# Probability

## Some Applications Of Probability

Probability theory thus continues to be a vigorous area of research. Moreover, its advances have myriad ramifications. Probability is explicitly used in many of our best scientific theories, for example, quantum mechanics and statistical mechanics. It is also implicit in much of our theorizing. A central notion in evolutionary biology is "fitness," or expected number of offspring. Psychologists publish their conclusions with significance levels attached. Agricultural scientists perform analyses of variance on how effective fertilizers are in increasing crop yields. Economists model currency exchange rates over time as stochastic processes—that is, sequences of random variables. In cognitive science and philosophy, probability functions model states of opinion. Since probability theory is at the heart of decision theory, it has consequences for ethics and political philosophy. And assuming, as many authors do, that decision theory provides a good model of rational decision-making, it apparently has implications for even mundane aspects of our daily lives. In short, probability is ubiquitous. Bishop Butler's dictum is truer today than ever.

## BIBLIOGRAPHY

Butler, Joseph. *Analogy of Religion.* 1736. Reprint, New York: Frederick Ungar, 1961.

Carnap, Rudolf. *Logical Foundations of Probability.* Chicago: University of Chicago Press, 1950.

De Finetti, Bruno. "La Prévision: Ses Lois Logiques, Ses Sources Subjectives." *Annales de l'Institut Henri Poincaré* 7 (1937): 1–68. Translated as "Foresight: Its Logical Laws, Its Subjective Sources." In *Studies in Subjective Probability,* edited by H. E. Kyburg Jr. and H. E. Smokler. New York: Robert E. Krieger, 1980.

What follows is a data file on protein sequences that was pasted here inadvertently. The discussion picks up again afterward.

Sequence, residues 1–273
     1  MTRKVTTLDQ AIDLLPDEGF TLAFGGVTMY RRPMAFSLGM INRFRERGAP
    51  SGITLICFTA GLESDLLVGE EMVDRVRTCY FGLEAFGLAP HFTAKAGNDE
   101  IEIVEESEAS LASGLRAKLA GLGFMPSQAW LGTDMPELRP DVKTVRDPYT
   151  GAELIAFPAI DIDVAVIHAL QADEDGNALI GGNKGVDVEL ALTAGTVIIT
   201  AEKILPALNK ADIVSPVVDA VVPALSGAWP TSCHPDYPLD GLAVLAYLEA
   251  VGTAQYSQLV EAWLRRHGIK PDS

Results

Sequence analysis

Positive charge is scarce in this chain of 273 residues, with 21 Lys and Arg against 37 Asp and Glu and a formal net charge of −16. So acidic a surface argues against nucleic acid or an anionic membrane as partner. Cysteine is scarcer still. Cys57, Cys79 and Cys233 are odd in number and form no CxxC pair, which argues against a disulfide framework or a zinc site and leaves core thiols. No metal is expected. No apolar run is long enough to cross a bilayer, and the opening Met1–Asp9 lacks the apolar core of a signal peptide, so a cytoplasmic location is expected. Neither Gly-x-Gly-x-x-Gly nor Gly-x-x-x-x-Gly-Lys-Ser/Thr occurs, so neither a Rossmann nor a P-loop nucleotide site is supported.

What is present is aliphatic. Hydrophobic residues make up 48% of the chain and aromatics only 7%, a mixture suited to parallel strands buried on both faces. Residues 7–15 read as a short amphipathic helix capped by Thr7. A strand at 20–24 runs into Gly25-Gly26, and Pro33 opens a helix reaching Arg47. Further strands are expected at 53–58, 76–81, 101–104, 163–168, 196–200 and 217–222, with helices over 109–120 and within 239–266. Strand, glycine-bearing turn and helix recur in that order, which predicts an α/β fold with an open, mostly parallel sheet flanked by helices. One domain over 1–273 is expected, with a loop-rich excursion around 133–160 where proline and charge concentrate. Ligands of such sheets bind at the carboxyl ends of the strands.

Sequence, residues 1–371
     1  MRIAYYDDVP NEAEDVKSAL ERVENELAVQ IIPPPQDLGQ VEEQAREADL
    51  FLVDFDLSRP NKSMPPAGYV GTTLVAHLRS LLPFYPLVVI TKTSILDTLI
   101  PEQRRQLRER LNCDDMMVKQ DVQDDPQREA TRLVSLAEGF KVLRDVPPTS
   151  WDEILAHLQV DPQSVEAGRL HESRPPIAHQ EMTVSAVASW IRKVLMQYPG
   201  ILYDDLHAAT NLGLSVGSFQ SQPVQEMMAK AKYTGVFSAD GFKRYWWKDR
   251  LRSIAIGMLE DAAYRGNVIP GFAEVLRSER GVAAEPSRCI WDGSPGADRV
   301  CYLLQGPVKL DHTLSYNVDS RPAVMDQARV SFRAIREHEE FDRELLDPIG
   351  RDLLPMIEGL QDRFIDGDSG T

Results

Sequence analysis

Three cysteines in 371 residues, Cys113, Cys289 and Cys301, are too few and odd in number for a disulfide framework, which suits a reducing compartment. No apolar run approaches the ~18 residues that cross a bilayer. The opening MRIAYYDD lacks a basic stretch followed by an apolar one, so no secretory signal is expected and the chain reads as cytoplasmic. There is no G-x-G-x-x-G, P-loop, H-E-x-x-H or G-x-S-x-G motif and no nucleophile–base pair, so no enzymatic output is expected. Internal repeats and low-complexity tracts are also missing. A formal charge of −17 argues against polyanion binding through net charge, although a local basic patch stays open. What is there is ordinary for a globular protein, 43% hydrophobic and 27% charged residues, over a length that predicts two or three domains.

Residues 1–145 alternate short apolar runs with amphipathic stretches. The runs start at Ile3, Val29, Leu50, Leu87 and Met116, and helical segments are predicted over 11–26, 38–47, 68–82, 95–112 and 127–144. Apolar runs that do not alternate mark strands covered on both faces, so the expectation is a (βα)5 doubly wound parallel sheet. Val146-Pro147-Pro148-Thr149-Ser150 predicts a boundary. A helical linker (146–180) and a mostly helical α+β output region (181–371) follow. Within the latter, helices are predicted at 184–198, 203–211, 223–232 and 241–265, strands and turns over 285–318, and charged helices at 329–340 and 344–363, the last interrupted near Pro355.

Feller, William. *An Introduction to Probability Theory and Its Applications.* 3rd ed. New York: John Wiley and Sons, 1968.

Fine, Terrence. *Theories of Probability.* New York: Academic Press, 1973.

Gillies, Donald. "Varieties of Propensity." *British Journal for the Philosophy of Science* 51 (2000): 807–835.

Hájek, Alan. "Probability, Interpretations of." In *The Stanford Encyclopedia of Philosophy,* edited by E. Zalta. Stanford, Calif.: Stanford University, 2002. Available at http://plato.stanford.edu/entries/probability-interpret/.

Howson, Colin, and Peter Urbach. *Scientific Reasoning: The Bayesian Approach.* 2nd ed. Chicago: Open Court, 1993.

Kolmogorov, Andrei N. *Grundbegriffe der Wahrscheinlichkeitrechnung, Ergebnisse der Mathematik.* 1933. Translated as *Foundations of Probability.* New York: Chelsea, 1950.

Laplace, Pierre Simon. *Essai philosophique sur les probabilités.* 1814. Translated as *A Philosophical Essay on Probabilities.* New York: Dover, 1951.

Li, Ming, and Paul Vitanyi. *An Introduction to Kolmogorov Complexity and Its Applications.* 2nd ed. New York: Springer-Verlag, 1997.

Muckenheim, W., et al. "A Review of Extended Probability." *Physics Reports* 133 (1986): 337–401.

Popper, Karl. *The Logic of Scientific Discovery.* London: Hutchinson, 1959.

Ramsey, Frank P. "Truth and Probability." 1926. Reprinted in *Philosophical Papers,* edited by D. H. Mellor. Cambridge, U.K.: Cambridge University Press, 1990.

Venn, John. *The Logic of Chance.* 2nd ed. London: Macmillan, 1876. Reprint, New York: Chelsea, 1962.

Von Mises, Richard. *Wahrscheinlichkeit, Statistik und Wahrheit.* 1939. Translated as *Probability, Statistics, and Truth.* Rev. English ed. New York: Macmillan, 1957.

*Alan* *Hájek*

## Additional topics

Science EncyclopediaScience & Philosophy: *Positive Number* to *Propaganda - World War Ii*Probability - The Formal Theory Of Probability, Interpretations Of Probability, Some Recent Developments, Some Applications Of Probability